What I love about the Chechen people about this story is their ability to show happiness in tragedy. In them I have seen people who don’t want to be considered victims, but people who manage to find the beauty of life in everything. They have shown the world how to laugh in the face of death, and how to preserve humanity even in a situation which, if I imagine myself in their place, would strip humanity away from me as well. If a war destroyed my life maybe I’d go crazy. I have spoken to many people who have fought a war and have not gone mad, but rather have kept their kindness, their being good people. I don’t know if I would be able to keep these qualities in myself, fighting a war. I think this character trait of the Chechens is beautiful: the fact that they have managed to keep their happiness and will to live despite going through such bitter experiences.
Knowing this special character trait of this people, let’s think about how much Russia has gone to destroy them. It’s a biblical story for me. What do you think about it?
When a bully tries to hit a victim, and the victim smiles at him, the bully will become even more angry, but will ultimately be defeated by his victim’s resilience. In this sense I loved the struggle of the Chechens who showed the Russians that their spirit would never break.
In this last year we realized that the Ukrainians didn’t understand what the war in Chechnya was, just like the Russians they didn’t care about it. Now they have understood, and the Ukrainian parliament has recognized the independence, the state of occupation and the genocide of the Chechen people. What needs to happen for even Russian liberals to understand this tragedy? In their view of life there is no Chechen war and no Chechen tragedy, and of course there is no Ichkeria. What do you think?
I think Russian liberals are also part of the Russian empire. Maybe they want a “liberal empire”? Maybe it’s nonsense. I don’t think that in this sense there is much difference between the radical parties and the moderate or liberal ones. Everyone wants the same thing: to strengthen the empire, in one form or another. Maybe Russian liberals don’t want to fight the war in Ukraine, but they also don’t want to lose the integrity of their empire. I don’t see anything strange in this. I’m more used to studying and reading the news of another empire, the American one, and the liberals of the American empire are no less angry and aggressive than the nationalists. Citizens of an empire grow up thinking the only way to preserve the country is to stick together and squash any dissonant voices.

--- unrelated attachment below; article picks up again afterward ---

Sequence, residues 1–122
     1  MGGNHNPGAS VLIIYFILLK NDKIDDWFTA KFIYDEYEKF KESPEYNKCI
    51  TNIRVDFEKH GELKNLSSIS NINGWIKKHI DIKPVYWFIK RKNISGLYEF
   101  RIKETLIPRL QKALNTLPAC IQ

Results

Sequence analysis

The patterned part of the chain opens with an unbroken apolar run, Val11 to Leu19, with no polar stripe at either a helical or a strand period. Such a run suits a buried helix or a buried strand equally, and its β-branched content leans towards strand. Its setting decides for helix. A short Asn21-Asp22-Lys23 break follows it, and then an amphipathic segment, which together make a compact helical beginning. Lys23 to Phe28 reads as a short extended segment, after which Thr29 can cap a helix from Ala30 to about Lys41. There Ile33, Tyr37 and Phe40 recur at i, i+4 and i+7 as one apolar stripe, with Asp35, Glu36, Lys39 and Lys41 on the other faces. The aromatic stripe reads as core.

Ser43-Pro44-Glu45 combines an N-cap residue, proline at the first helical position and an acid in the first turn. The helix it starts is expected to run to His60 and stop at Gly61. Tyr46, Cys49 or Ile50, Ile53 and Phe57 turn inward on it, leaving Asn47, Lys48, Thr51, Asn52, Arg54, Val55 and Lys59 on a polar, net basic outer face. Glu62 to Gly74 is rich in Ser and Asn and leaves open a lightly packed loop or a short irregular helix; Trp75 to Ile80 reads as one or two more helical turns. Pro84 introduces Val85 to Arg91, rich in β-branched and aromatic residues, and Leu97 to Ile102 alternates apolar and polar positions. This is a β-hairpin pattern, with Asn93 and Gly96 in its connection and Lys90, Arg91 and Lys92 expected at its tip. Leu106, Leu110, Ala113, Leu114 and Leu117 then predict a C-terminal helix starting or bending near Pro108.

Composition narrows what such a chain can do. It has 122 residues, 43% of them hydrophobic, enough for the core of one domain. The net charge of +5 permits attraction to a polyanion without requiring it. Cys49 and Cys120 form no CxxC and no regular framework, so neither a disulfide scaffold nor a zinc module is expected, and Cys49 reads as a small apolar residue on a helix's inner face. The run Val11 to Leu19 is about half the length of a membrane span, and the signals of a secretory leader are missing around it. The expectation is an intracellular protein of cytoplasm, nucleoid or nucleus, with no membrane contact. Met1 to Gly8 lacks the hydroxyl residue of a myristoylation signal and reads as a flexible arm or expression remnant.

I was very surprised by your “hobby”. I’m going to show snippets from one of your band’s videos, which is called “Inner Code”. Tell me about this song about empire. I’m so surprised because you’re from Florence, we can’t relate the concept of “empire” with the city of Rome, which is so beautiful.
Rome in this song is the archetype of the empire. When we think of the Roman Empire we think of the empire by definition. The Russian Empire itself is inspired by the Roman Empire. The word “Tsar” is the translation of the Latin “Caesar”, the Kaiser of the German Empire is the Germanic translation of “Caesar”, and so on. “He will burn Rome” speaks of the fall of Rome, but by extension it speaks of the fall of all empires. No matter how big and strong, every empire will fall sooner or later. When I listen to this song I find a connection with the story we are talking about, being a story that can work with any empire, even the Russian one. However, I recommend listening to the song at a low volume!
Basically, everything we are talking about revolves around the word “Freedom”. You are a free person in all respects, as I see. Do you see the freedom of Ichkeria under attack? Do you think the imperial forces, the FSB , want to cancel this goal of freedom? We perceive these attacks, for example those that are being carried out against Akhmed Zakayev, a person who is a symbol of freedom of Ichkeria. Do you perceive these attacks from Italy?
I guess this behavior is consistent with the situation. I have an indirect perception of this, because unfortunately Italian newspapers don’t report much on what is happening in Chechnya or in the Chechen diaspora. However, having some contact with members of the Chechen diaspora due to my studies, I imagine that these people are talking about present and future plans to achieve independence and freedom for Chechnya and sometimes they do it in heated discussions, or getting angry. I speak as an Italian, I don’t think I have the right to tell the Chechens what they have to do. Only, seeing what is happening in the Chechen diaspora from the outside, I notice that there are “unresolved issues” and it is possible that the FSB , or anyone who does not want an independent Chechnya, could emphasize these divisions on the pro-independence front to weaken it. I hope people don’t fall into this trap. I don’t know if Chechnya’s independence is far or near, but it is important that at every step we find ourselves in the best condition to gather all our strength together to win freedom.